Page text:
1. Addressing a historic lack of investment in commications infrastructure and services in regional australia and breaking down the digital divide between regional and metropolitan Australia.
    2. Upgrading the aging copper network to a fibre one suitable for supporting Australia's data/communication needs for the next 40-50 years e.g. mass media distribution, e-health, e-commerce, e-learning and as yet undeveloped applications.
    3. Addressing the vertical integration of Telstra and the anti-competitive environment that resulted from a retail service provider owning and operating the network that other retailers had to lease from them.
    4. Providing ubiquitous broadband connectivity to all Australian households via a single platform to promote innovation and widespread adoption of broadband services such as mass media distribution, e-health, etc.

    Opening the physical network market to competition seems like it would be repeating the mistakes of the past and would actually work against achieving the stated objectives.

    Firstly, it is only cost effective for private enterprise to roll out fibre in the metro areas. Thus, it doesn't address regional Australia's infrastructure problems. The government could subsidise regional infrastructure however it seems this would be inefficient and ineffective. It would be a continual drain on the public purse (in contrast with the NBN supporting maintenance and operation expenses from its national revenue streams) and, if we consider the realities of other similar subsidised industries eg. the Melbourne rail network, also likely to be plagued by poor service and maintenance and increasing costs to the customers as the private operator tries to preserve their profit margin.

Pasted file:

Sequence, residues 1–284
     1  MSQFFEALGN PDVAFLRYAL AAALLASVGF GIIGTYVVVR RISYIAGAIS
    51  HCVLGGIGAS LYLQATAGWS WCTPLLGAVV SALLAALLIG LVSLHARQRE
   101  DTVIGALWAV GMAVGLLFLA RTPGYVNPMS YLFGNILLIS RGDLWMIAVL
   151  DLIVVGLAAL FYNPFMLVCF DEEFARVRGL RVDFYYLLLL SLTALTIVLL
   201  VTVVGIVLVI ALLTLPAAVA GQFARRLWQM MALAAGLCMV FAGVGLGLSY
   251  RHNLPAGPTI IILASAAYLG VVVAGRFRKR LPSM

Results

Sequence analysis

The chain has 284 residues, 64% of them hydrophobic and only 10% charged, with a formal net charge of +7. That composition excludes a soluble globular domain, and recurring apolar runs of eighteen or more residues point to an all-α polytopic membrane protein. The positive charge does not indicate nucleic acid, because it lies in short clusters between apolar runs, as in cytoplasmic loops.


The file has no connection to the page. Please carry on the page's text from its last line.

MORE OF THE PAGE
Secondly, if multiple networks are in operation then inevitably the network serving Australia as a whole will be an ad hoc patchwork of different technologies, provisioned differently and requiring additional provisioning to communicate with each other. This is in contrast to the NBN which will have centralised planning and a greater degree of commonality in provisioning. From the perspective of launching new applications it seems to me that a single centrally planned network like the NBN is more attractive than a patchwork of multiple networks.